Super Lawyers
The top Attorneys in Virginia and
the Washington, D.C. metropolitan
area, only 5% of the attorneys
in the state are named in SuperLawyers
ATA NBTA | The National Board of Trial Advocacy Association of Trial Lawyers of America Virginia Trial Lawyers Association National Asociation of Distinguished Counsel | Nation's Top One Percent | NADC

As Virginia family law evolves, so do child custody decisions

Some aspects of the American legal system are evergreen, in the sense that they change very little over time. Other aspects, like child custody guidelines, expectations and determinations, have absolutely evolved to meet the changing needs of families and minors. In fact, for couples in Virginia and the rest of the country, a very different type of child custody arrangement is beginning to come about as society begins to adapt to new parenting realities.

Historically, child custody was fairly simple. Case in point: In Colonial America, a divorced father obtained custody of his offspring, no questions asked. It didn't matter if the mother of the children was deemed "good" or "bad"; she was not considered to be able to take care of her youngsters the way her ex-husband could.  By the Industrial Revolution, this pendulum had begun to swing the other way, and in the early 1900s, women were regarded as more proficient caretakers than men.  Hence, they were almost always given custody in divorce situations.

Fast forward to the end of the 1900s, and much had changed. By the time the 20th century was winding down, the idea of joint custody was often practiced, when applicable. In joint custody situations, both parents share the custodial duties of their offspring. Additionally, fathers began to gain traction in getting the sympathy of the courts when considering custody issues.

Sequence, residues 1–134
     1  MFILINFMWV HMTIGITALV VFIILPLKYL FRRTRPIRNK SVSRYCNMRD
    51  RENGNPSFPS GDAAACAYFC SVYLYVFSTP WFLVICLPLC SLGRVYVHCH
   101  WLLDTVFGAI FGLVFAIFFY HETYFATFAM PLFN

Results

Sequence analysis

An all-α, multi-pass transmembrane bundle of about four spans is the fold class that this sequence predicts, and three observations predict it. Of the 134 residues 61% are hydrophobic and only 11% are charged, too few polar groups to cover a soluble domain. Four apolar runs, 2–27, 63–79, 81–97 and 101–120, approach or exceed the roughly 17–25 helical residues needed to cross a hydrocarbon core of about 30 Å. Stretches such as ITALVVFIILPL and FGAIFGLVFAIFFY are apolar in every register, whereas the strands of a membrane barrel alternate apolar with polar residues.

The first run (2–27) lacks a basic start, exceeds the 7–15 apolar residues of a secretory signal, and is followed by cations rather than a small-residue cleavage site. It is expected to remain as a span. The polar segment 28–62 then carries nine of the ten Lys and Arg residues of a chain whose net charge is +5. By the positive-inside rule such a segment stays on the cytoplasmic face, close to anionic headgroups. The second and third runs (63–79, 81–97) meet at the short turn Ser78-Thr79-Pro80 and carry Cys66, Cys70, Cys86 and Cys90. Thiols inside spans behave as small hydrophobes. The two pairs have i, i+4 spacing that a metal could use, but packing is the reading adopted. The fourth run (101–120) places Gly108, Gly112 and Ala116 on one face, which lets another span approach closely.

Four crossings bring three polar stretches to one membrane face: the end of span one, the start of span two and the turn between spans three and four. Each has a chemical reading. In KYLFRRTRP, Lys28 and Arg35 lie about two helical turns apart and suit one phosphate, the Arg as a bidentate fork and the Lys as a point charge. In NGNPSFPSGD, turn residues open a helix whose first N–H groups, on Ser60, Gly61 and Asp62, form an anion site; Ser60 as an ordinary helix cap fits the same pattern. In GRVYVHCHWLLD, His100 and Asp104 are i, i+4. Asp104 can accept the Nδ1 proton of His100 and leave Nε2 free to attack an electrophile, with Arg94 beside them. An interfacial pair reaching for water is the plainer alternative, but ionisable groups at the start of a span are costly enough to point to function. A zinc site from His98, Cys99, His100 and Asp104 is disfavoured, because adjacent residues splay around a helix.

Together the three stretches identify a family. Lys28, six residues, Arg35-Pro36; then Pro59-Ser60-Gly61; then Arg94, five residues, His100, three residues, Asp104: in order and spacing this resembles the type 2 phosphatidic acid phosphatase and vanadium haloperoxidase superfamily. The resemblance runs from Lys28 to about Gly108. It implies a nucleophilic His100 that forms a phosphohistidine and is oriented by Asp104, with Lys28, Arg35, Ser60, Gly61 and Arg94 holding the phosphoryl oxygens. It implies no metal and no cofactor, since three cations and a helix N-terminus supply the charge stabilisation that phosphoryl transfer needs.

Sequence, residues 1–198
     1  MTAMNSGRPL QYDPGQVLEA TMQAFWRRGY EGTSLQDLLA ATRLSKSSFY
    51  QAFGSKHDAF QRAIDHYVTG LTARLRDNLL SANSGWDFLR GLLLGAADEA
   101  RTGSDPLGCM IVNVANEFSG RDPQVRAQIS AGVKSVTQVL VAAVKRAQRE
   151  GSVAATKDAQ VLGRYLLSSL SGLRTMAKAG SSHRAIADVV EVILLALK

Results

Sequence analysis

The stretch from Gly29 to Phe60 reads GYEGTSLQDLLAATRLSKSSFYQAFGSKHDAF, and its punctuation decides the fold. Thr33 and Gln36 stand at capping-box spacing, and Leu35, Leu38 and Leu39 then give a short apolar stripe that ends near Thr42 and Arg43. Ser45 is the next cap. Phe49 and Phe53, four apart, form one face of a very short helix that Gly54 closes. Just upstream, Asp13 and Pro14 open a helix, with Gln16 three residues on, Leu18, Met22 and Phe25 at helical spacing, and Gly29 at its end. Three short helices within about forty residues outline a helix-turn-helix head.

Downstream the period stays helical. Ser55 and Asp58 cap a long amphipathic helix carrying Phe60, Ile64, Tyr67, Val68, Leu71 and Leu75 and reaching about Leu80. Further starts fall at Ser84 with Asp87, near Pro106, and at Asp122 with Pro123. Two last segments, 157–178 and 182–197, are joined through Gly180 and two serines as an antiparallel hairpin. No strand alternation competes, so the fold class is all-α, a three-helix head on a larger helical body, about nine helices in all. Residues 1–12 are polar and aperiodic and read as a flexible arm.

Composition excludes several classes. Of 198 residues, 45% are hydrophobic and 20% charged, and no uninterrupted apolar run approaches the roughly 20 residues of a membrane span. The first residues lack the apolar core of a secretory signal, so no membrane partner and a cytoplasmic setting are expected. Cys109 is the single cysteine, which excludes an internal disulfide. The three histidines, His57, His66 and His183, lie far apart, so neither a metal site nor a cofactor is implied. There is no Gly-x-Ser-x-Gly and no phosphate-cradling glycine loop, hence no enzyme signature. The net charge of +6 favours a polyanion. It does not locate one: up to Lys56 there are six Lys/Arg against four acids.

Today, this leaves divorcing parties in Virginia with a host of possibilities when it comes to the best interests of their children.  Thus, it's not at all uncommon for the husband and wife who are dissolving their marriage to create a thorough child custody plan for each child, depending upon his or her age, stage and needs.  Though such an arrangement takes time upfront, it anticipates problems down the road and can pave the way for better relationships post-divorce.

Source: The Washington Post, "There's a great way to figure out child custody. Most divorce courts don't use it.", J. Herbie DiFonzo, Nov. 14, 2014

No Comments

Leave a comment
Comment Information

DISCLAIMER: This website is designed to provide only general information; nothing contained herein constitutes legal advice nor is it an offer of legal representation. Use of this website is not intended in any way to create or convey the impression that such use of the website by any person, organization, or entity of any nature and/or kind constitutes any attorney-client relationship whatsoever and any information provided in this website shall not constitute legal advice. The use of any electronic communication available through this website with the Law Office of Richard L. Downey or any person associated with this website shall not constitute attorney-client relationship nor will any communication received by the Law Office of Richard L. Downey constitute an attorney-client communication. The Law Office of Richard L. Downey cannot make any guarantees as to the accuracy or currency of any information contained in or created in this website or the use of any link to another website contained in this website. The information that you obtain at this website is not, nor is it intended to be legal advice. You should consult a lawyer for individual advice concerning your own particular situation.

*The National Board of Trial Advocacy is accredited by the American Bar Association. Currently there is no procedure in the Commonwealth of Virginia for approving certifying organizations.